If I wanted water, I would have asked for water.


Thursday, February 12, 2009

Laughing Buddha - High Concept Brewing

We can only guess at the conversation that led Chris Castillo and Joe Valvo to found Laughing Buddha Brewery:
Joe: We're pretty badass homebrewers, let's start a brewery!
Chris: Problem is, there are 297 breweries in the Northwest.
Joe: We can't just brew another IPA.
Chris: Right, we have to distinguish ourselves.
Joe: You mean like brewing double IPAs?
Chris: No, man, I mean--
Joe: Black IPAs?
Chris: No, no, I mean something really different.
Joe: Ohhhhhh, I get it. You mean, like brewing with purple yams and pandan leaves?
Chris: Exactly!
That's not an exact transcript, mind you, just a rough approximation.

Actually, having now sampled the three most exotic Laughing Buddha beers, it seems more likely that the conversation didn't start with beer at all, but food. Northwesterners have really taken to Asian cuisine--in addition to the myriad Thai, nouveau Chinese, Malay, Korean, Cambodian, and Indian restaurants now festooning our neighborhoods, the techniques and ingredients of Asia are also drifting, as if by osmosis, into non-Asian dishes. It was only a matter of time before they drifted into the brew kettle as well.

Laughing Buddha, founded less than two years ago, has already garnered a lot of press for their fusion brews--and rightly so. We don't actually need another brewery making a flight of pale ales and IPAs. Valvo and Castillo have taken a chance on a new idea, and the early results are intriguing. I tried the Purple Yam Porter, Mango Weizen, and Pandan Brown, and indeed, they represent something original in brewing. Let's start out with a basic description.
  • Purple Yam Porter, 7% abv. Brewed originally for Oktoberfest (“Instead of a pumpkin ale, we’re giving our fall seasonal an Asian-fusion spin”), it's a dark ale brewed with purple yams and vanilla beans. The aroma has less roasty malt than you'd expect; it's more like cola with a note of squash. It's thin on the palate, and with the mild vanilla note, again suggestive of a soda. But it's also earthy and autumny, a quality that must come from the yams. Strangely, there's also a slightly minty or menthol note I can't account for looking at the ingredients.
  • Mango Weizen, 5% abv. The Indian mango lassi inspired this beer--and it's evident in the finished product. Lassi is a traditional Indian drink made of yogurt; it's very crisp and cooling. Mango lassis are sweeter and full of mango flavor, but remain light and crisp, also with the intention of cooling. This beer manages the quality by adding a small enough amount of fruit so that the aroma and flavor suffuse the beer without adding much sweetness. It is a perfect summer beer.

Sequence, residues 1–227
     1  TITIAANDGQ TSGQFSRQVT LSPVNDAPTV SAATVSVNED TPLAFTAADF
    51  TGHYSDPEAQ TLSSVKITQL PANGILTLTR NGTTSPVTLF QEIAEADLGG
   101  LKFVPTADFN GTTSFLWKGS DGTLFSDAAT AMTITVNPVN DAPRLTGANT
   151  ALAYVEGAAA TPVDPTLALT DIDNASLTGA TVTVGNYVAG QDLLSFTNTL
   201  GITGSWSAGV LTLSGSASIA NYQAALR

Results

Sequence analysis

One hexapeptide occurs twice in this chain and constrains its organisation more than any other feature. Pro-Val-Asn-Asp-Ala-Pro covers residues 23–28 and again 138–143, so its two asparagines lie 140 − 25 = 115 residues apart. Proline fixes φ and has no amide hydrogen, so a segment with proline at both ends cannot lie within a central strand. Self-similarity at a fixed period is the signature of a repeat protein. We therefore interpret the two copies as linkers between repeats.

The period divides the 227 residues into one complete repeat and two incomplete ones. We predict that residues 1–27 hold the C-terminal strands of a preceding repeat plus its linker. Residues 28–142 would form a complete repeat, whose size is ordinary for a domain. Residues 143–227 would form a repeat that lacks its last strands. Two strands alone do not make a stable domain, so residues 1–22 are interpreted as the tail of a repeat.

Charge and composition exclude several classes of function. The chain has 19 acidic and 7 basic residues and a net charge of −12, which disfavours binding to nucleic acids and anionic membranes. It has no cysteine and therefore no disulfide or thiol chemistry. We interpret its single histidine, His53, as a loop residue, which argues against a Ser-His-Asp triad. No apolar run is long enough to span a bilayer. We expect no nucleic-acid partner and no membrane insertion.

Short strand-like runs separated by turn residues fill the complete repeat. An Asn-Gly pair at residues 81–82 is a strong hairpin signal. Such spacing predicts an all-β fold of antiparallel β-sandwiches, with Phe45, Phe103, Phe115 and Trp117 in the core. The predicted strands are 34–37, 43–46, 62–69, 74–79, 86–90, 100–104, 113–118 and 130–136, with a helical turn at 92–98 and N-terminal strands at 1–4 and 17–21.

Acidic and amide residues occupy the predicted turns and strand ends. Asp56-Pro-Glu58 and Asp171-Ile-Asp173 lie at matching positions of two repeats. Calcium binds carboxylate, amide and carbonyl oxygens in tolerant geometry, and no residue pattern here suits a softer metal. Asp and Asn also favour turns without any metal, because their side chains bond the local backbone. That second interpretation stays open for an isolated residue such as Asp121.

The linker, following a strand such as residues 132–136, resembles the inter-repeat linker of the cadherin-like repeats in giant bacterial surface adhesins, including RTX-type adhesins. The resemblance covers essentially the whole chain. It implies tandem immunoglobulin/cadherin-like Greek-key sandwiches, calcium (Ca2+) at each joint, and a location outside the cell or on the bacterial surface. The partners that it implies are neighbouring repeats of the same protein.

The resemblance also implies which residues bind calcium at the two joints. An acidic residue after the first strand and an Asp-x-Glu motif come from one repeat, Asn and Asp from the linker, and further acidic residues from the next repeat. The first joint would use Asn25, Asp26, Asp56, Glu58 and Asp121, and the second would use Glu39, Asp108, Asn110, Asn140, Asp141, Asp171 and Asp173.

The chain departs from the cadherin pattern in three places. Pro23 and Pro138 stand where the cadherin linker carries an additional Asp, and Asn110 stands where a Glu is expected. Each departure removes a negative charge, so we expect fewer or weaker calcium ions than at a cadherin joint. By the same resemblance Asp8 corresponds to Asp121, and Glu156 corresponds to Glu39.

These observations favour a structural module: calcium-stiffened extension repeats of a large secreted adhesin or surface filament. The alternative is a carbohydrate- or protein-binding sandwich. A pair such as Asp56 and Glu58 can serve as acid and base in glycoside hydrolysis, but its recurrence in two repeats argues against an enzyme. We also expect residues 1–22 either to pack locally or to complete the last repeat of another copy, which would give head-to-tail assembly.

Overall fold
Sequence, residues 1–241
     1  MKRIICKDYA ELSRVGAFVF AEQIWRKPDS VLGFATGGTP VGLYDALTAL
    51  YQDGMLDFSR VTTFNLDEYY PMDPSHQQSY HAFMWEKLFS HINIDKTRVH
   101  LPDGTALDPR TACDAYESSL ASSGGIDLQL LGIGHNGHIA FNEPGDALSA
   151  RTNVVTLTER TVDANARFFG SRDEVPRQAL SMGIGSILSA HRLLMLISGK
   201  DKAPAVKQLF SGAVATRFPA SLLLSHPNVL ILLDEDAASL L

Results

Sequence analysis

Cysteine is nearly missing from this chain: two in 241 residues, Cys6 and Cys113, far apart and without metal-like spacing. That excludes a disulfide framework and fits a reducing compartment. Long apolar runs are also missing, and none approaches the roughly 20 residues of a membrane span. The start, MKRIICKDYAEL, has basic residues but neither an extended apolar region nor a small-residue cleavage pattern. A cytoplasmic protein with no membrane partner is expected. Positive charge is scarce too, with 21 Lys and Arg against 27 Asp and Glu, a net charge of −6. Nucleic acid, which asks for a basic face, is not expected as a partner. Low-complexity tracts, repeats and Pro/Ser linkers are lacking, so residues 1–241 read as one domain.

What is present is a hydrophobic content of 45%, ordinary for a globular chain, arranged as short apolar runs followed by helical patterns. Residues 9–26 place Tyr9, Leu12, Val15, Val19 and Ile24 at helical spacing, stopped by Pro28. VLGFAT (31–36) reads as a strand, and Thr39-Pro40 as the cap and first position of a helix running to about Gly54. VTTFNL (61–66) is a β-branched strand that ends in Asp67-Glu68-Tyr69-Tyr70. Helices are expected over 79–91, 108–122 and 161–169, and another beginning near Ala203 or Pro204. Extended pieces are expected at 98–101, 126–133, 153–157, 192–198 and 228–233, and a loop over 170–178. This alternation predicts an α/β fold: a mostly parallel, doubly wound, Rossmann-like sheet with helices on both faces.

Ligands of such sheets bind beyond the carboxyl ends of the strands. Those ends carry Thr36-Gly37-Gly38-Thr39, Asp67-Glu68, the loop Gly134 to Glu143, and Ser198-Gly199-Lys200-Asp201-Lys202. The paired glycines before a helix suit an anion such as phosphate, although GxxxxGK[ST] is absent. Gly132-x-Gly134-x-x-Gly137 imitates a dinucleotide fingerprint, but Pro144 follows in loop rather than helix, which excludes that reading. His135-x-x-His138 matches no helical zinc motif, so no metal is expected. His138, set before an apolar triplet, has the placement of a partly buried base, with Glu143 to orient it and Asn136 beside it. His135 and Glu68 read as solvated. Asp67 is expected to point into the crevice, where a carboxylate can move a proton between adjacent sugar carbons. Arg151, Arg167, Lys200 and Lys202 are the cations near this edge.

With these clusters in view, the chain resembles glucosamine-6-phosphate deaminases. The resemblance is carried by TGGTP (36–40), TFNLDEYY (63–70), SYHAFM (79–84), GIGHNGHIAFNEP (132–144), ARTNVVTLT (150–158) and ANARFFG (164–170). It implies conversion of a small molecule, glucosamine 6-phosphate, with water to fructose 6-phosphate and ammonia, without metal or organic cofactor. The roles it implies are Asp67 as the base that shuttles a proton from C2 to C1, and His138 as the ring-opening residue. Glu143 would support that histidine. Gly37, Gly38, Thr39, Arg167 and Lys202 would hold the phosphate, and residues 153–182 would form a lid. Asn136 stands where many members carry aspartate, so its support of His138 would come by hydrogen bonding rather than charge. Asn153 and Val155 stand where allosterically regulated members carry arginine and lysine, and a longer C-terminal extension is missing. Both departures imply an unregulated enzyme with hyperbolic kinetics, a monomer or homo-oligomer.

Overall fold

• Pandan Brown, 6% abv. The base beer is a traditional brown ale--it looked and smelled relatively predictable. Added to this are pandan leaves and palm sugar, two ingredients I know nothing about. The pandan leaves are distinctly herbal, but having no basis for comparison, I'm not sure how to describe them. I'd like to drink this beer a few more times to calibrate my palate to it.
So what to make of the beers? Two pieces of advice: forget the style names. We're off the normal grid here, and "porter," "brown," and even "weizen" are misleading. I've read a bit of the commentary by other bloggers (of course, they're mostly Oregonians: Angelo, Bill, Da Beers), and this is a common criticism: they're not really porters or browns. Second, it's probably best to try these with as little expectation as possible. I'd like to buy another round of the beers and acclimatise my tongue to the flavors. They're disorienting at first, and one's initial reaction is to reject them. But this is the thing with change--it's always going to seem weird the first time you try it.

I hold this idea that brewing will naturally evolve and incorporate strange and unexpected ingredients. No doubt when the first Belgian wit ale was made, people thought it was bizarre, too. Maybe we'll ultimately regard purple yams as a misstep, but maybe not. Laughing Buddha is less than two years old, and they're learning as they go along, too. I'm delighted to see something new emerge, and I will be a happy supporter of their experiments.

4 comments:

Angelo De Ieso II said...

Laughing Buddha are really doing a great job with their brews.

stu said...

Are they on tap anywhere?

Jeff Alworth said...

Stu, I don't know off-hand of a place. My sense is that the newly-arrived bottles are the first wave to hit Oregon.

John W. Hubbard said...

We grow pandan in our garden in Isaan, Thailand and mix it with our morning coffee. I am thoroughly enjoying the Pandan Brown Ale!

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